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Dalits - lowest Hindu caste
Who are the Dalits?

Since Dalits perform menial tasks, traditional societies consider them "unclean." Higher castes are thus required to avoid close contact with Dalits, leading to a generations old segregation of society. The Dalit caste has further been divided into different groupings in accordance with the type of work the groups are limited to. For example, communities engaged in tailoring, or playing musical instruments, or communities involved in washing clothes, or in making clay pots, or working with metal will be given different family names in accordance to the type of work they do. Dalits are often referred to as the occupational or artisan caste.

The ongoing discrimination of Dalits in Nepali society proves a major obstacle to the overall human development in the country. Deep rooted beliefs about the impurity of Dalits have been difficult to transform. Recurring incidents of discrimination at public water taps, restaurants, milk co-operatives (milk supplied by Dalits is refused). and temples are daily occurrences. For example in one incident, a three-year-old girl from Sindhupalchowk District was beaten to death by a high-caste Brahmin woman when the girl touched a high-caste water-well. In another incident in Silgadhi Municipality, in Doti District a group of Dalit women tried to enter the famous Saileshwori Temple. They were refused entry although Dalits are also Hindus, they are excluded from worship at temples. Such incidents continue to be common for many Dalits.

Due to their poor economic and educational status, Nepalese dalits have been exploited since ages. Especially after the restoration of democracy in 1990 they have fallen victim to rice-Christianity and Maoist movement. Since early childhood, from playgroup to school and college they were ostracised. Even the teachers discriminated them. Even in the most developed cities like Katmandu Dalits have to hide their identities to get a rented appartment.

Caste discrimination in public places is theoretically illegal in Nepal since 1963. Nepal has signed all international treaties and conventions against racial discriminations. The democratic Constitution of Nepal 1990 clearly states the Right to Equality and Non-Discrimination. Despite these laws and rules, discrimination is still practiced in Nepalese society.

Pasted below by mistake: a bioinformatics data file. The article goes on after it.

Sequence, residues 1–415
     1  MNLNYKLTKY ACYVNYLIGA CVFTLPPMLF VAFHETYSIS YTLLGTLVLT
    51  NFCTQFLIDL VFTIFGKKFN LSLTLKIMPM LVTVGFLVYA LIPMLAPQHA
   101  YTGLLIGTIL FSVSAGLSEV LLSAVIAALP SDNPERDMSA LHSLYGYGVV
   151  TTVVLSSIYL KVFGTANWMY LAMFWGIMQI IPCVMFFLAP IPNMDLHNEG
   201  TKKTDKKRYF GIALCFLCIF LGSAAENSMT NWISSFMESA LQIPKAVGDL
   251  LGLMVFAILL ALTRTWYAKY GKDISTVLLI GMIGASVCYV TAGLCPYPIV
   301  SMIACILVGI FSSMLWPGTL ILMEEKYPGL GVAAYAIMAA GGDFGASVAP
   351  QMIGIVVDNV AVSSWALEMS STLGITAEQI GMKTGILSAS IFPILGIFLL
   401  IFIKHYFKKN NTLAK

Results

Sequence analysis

The Hindu religion has categorized Shudras (Dalit or untouchables) as the serving class and in some scriptures they have been denied even the human status. From centuries, they have been barred from sharing public amenities; water taps, wells, schools, temples and tea stalls with the uppercaste. The Manusmriti is so harsh against Shudras that it bars them from acquiring property and treats them as pariahs. In ancient times, their life was worse than that of animals. In the 14th century, King Jayasthiti Malla, a King of Kathmandu formalised this system. He caterogised castes based on their work; touchables and untouchables. And in 1853, Prime Minister Janga Bahadur Rana further reinforced the discrimination by bringing a Civil Code.

The number of Dalits in the Maoist movement is high. According to estimates of a US about 30 percent of the People's Liberation Army are dalits. According to the National Census 2001, Dalit population hovers around 4.5 million, which is over 20 per cent of the population of Nepal.


Facts about Dalit
Dalits make up 20% of the total population
80% of the Dalit population lives below the poverty line
Per capita income= US $ 39.6
Literacy rate: 10% (19.64%, SCF source)
Female Literacy rate: 3.2% (9.65%, SCF source)
Share of Dalits in cultivable land:1%
70% of Dalits are malnourished
Life expectancy: 42
Source: National Dalit Preparatory Committee Nepal for WCAR
more information
Universal Declaration of Human Rights
Women, Dalit and Ethnic Groups
Hindu Religion Dalit Liberation Front of Nepal (Unified)


Externe Links
MS Nepal Danish Association for International Cooperation
MS Nepal Dalits
International Dalit Solidarity Network
Dalit NGO Federation
Empower Dalit Women of Nepal, Boston, USA
Nepal Dalit Information